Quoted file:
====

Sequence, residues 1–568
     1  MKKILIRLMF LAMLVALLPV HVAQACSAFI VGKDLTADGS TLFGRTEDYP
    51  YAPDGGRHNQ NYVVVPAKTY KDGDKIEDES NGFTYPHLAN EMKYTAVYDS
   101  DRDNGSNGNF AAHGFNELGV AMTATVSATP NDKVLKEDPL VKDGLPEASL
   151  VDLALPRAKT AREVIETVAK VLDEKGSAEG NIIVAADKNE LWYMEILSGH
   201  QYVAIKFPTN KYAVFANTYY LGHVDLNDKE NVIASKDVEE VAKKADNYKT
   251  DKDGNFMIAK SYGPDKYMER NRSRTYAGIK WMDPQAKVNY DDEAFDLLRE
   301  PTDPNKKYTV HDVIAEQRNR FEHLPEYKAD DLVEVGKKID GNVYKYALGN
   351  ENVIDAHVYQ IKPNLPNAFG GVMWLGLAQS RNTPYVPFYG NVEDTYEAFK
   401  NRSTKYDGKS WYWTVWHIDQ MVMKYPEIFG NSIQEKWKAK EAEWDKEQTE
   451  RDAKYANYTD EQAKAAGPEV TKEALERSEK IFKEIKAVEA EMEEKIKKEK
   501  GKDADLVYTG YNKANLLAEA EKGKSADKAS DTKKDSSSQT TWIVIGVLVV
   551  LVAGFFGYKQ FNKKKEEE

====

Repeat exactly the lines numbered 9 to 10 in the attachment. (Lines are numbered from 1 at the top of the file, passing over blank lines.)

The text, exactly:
   351  ENVIDAHVYQ IKPNLPNAFG GVMWLGLAQS RNTPYVPFYG NVEDTYEAFK
   401  NRSTKYDGKS WYWTVWHIDQ MVMKYPEIFG NSIQEKWKAK EAEWDKEQTE